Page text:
Catherine Zeman, Assistant Professor of Environmental Health and Director of the Recycling Reuse Technology Transfer Center
Having read Dr. Ed Brown's OpEd piece on clean water in Iowa, I feel compelled to respond with a little less iconoclastic view of Iowans' commitment to clean water and, perhaps, a bit more analysis as to why Iowa faces the sometimes serious water quality issues it faces.
Firstly, Iowa has just emerged from a Century and half of serious environmental conversion and upheaval. Iowa's rich prairie lands were one of the obvious choices for an emerging industrial agricultural enterprise of the 1800 -1900s. The nature of industrial agriculture leaves sometimes bare and sometimes fallow the soils of Iowa to wind and water erosion, creating a much greater challenge for controlling sedimentation and run-off than one encounters in the naturally nutrient poor or oligotrophic lakes of Northern Minnesota, where outdoor recreation is one of the primary industries. Thus, a comparison of lakes in Iowa and lakes in Minnesota and of the circumstances of the surrounding countryside - is like comparing apples to oranges. That is not to say that the farming practices of Iowa have not had a very significant impact on the nutrient enrichment of IowaÍs rivers, lakes, and streams. With an average of eight tons of soil lost per acre per year a serious situation exists which needs to be constantly addressed and tended, with that I agree.
However, compare the quality of many of Iowa's waterways today to the quality of those waterways when one of Iowa's early conservationists, Dr. Thomas Macbride, Professor and Naturalist of the University of Iowa began to call for serious conservation efforts in the mid to late 1800's, a time during which many of the lakes and rivers in Iowa were truly open sewers. An excellent source of information on the Natural History of Iowa is the beautifully done text, Iowa - Portrait of the Land written by Iowa Department of Natural Resources Staff with an introduction by then Director of the Department, Paul Johnson, the writers note that raw sewage was, in the early years of Iowa's agricultural and industrial development, directly discharged into waterways around Iowa's large cities, a practice which early conservationists stopped and worked very hard to correct. Many of the early conservationists had seen the drastic changes IowaÍs landscape had experienced in the mid 1800's to early 1900's and worked to change it. In the 1930's, Aldo Leopold the world renowned conservationist, naturalist, and nature writer helped to draft the first conservation plan for Iowa that specifically addressed the concerns of soil erosion and water quality. This plan was commissioned and encouraged by the Iowa legislature and started Iowa's journey of preservation, conservation, and restoration which continues today.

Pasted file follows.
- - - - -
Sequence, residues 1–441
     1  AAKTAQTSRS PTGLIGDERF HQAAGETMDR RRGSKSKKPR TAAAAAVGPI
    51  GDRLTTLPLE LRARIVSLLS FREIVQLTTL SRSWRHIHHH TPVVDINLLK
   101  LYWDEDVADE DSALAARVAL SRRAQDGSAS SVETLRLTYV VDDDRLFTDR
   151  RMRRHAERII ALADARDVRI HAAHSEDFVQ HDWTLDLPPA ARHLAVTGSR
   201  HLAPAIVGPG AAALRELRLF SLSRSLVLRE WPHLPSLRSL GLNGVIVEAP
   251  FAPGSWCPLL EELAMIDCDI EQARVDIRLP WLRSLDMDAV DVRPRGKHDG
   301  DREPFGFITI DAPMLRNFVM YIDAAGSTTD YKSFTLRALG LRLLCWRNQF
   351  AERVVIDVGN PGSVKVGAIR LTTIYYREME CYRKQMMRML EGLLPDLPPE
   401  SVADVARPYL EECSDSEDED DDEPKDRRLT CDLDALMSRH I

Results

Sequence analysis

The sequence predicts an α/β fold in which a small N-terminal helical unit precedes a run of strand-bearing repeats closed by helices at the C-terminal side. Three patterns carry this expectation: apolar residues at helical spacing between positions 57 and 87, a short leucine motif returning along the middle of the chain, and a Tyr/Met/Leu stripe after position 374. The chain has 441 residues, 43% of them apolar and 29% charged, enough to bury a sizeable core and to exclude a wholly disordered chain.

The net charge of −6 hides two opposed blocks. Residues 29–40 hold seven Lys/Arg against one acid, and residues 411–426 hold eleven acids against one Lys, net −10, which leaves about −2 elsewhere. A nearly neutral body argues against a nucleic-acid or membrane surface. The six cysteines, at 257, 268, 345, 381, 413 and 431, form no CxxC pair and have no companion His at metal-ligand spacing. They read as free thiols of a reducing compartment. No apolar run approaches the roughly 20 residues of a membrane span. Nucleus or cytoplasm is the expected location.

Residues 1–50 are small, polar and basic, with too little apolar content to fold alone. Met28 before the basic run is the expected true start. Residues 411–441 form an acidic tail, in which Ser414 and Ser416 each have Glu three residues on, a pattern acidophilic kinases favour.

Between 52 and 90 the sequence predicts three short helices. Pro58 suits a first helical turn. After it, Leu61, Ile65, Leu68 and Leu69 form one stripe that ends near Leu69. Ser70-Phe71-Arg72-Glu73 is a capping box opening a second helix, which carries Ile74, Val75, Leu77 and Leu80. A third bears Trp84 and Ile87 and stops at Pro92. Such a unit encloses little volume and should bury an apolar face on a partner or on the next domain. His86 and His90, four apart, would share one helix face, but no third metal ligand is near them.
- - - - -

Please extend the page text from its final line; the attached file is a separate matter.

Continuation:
Are Iowan's ready to give-up on the natural world around them and retreat to computers and theme parks? Having moved to Iowa from Illinois a little less than nine years ago, I can attest to the forward thinking programs and initiatives I found in place in Iowa, particularly in the area of water quality, agriculture, and solid waste. It is a testament to the legislators, natural resource employees, and natural scientists of all specializations that conceived of and carried out the Ground Water Protection Act of the late 1980's that so much has been done as a result including the creation of Nationally and Internationally recognized Centers of research and education in the interrelated areas of agriculture, solid and hazardous waste, and human health as they impact and are impacted by water quality. Yes there have been real, substantial losses, but Iowa is working to reverse those and planning to do more. As Iowa -Portrait of the Land states, "...100 preserves protect 5,000 acres of prairie..., 10,000 acres of wetlands are being reclaimed....., (and, in), ...1974, only 1.5 million acres of woodlands remained in Iowa. Since then, our forests have rebounded to about 2.1 million acres...." Consider also the work of volunteer and not for profit organizations outside of the Iowa State Government such as the Iowa Natural Heritage Foundation, which has since the late 1970's worked to conserve, protect, and restore numerous natural areas in Iowa such as the loess hills, various wetland areas, and prairie lands. This spirit of conservation and land ethic is also part of IowaÍs natural heritage and the "wealth" and test of its peoples' character.
Thus, rather than be discouraged by the resignation of the Director of Natural Resources, I ask IowanÍs to consider it not as the resignation of an individual in frustration, nor as an omen of the loss of Iowa's natural areas and history, but rather, as a call for new champions and new ideas to come forward. Let us see both the opportunities and the challenges for Iowa in a world where all men and women of good intention and love for the land will continue to envision and build a sustainable society in harmony with the natural world.